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Background: Mesenchymal stem cells (MSCs) are viewed as a having significant potential for tissue engineering and regenerative medicine therapies. Clinical implementation of MSCs, however, demands that their preparation be stable and reproducible. Given that environmental and bioprocessing parameters such as substrate stiffness, seeding densities, culture medium composition, and mechanical loading can result in undirected differentiation of the MSC population, the objective of this study was to systematically investigate how hydrodynamic loading influences the differentiation of bone marrow-derived mesenchymal stem cells (MSCs) towards the osteochondral lineages both in the presence and absence of exogenous, inductive factors.

Methods: Expanded bovine MSCs were suspended in 2.5 % agarose, cast in a custom mold, and placed into either static or one of two dynamic culture environments consisting of “high” and “low” magnitude shear conditions. Constructs were supplemented with varying concentrations (0, 1, 10, 100 ng/mL) of either TGF-β3 or BMP-2 throughout cultivation with tissue samples being collected following each week of culture.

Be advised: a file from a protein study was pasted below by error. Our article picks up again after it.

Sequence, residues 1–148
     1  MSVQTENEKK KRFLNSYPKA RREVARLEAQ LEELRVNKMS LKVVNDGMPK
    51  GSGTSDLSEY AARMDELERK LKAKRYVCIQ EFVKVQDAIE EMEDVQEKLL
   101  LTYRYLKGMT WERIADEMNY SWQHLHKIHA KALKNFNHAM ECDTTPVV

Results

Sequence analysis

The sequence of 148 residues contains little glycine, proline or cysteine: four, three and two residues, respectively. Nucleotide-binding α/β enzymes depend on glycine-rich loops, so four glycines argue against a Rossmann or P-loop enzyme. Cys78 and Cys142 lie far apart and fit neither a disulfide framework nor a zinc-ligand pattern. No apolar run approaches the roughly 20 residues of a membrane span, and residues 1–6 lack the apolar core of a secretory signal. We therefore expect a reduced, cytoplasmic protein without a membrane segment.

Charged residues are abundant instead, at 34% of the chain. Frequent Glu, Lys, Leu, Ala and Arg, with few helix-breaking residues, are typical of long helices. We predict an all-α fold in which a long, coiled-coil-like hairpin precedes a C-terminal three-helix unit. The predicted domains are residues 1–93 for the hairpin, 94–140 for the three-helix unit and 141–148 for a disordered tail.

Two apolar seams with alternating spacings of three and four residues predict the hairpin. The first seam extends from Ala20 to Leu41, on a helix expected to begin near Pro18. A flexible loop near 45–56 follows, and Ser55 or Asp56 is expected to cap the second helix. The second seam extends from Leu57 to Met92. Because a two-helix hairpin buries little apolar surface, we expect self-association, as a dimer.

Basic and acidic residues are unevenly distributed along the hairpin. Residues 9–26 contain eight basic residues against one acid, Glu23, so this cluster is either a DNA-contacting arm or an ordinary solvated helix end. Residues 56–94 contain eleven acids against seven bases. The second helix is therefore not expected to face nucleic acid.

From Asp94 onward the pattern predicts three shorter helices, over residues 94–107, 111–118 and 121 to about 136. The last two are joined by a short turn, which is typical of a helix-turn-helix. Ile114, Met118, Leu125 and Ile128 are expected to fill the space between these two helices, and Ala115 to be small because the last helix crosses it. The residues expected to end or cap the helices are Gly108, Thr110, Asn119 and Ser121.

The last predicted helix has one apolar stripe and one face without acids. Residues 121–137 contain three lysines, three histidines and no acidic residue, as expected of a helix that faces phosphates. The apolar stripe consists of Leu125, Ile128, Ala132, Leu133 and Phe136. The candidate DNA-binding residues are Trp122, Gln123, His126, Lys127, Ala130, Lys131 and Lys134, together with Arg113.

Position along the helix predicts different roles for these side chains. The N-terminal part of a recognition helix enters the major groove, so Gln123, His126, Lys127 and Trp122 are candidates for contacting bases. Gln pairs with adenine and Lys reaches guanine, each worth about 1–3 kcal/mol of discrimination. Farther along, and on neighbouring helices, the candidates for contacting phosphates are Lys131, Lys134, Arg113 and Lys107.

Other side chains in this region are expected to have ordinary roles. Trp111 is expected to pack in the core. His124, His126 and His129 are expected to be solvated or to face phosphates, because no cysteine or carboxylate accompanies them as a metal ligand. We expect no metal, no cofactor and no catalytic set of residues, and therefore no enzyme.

Results: In the absence of exogenous supplementation, hydrodynamic loading had little effect on cell phenotype at either magnitude of stimulation. When cultures were supplemented with BMP-2 and TGF-β3, MSCs gene expression progressed towards the osteogenic and chondrogenic pathways, respectively. This progression was enhanced by the presence of hydrodynamic loading, particularly under high shear conditions, but may point the chondrogenic cultures down a hypertrophic path toward osteogenesis reminiscent of endochondral ossification if TGF-β3 supplementation is insufficient.

Conclusions: Moving forward, these results suggest bioprocessing conditions which minimize exposure of chondrogenic cultures to fluid shear stress to avoid undesirable differentiation of the MSC population.


This article was originally published in BMC Biotechnology, available at DOI 10.1186/s12896-016-0240-6.

This article is distributed under the terms of the Creative Commons Attribution 4.0 International License.



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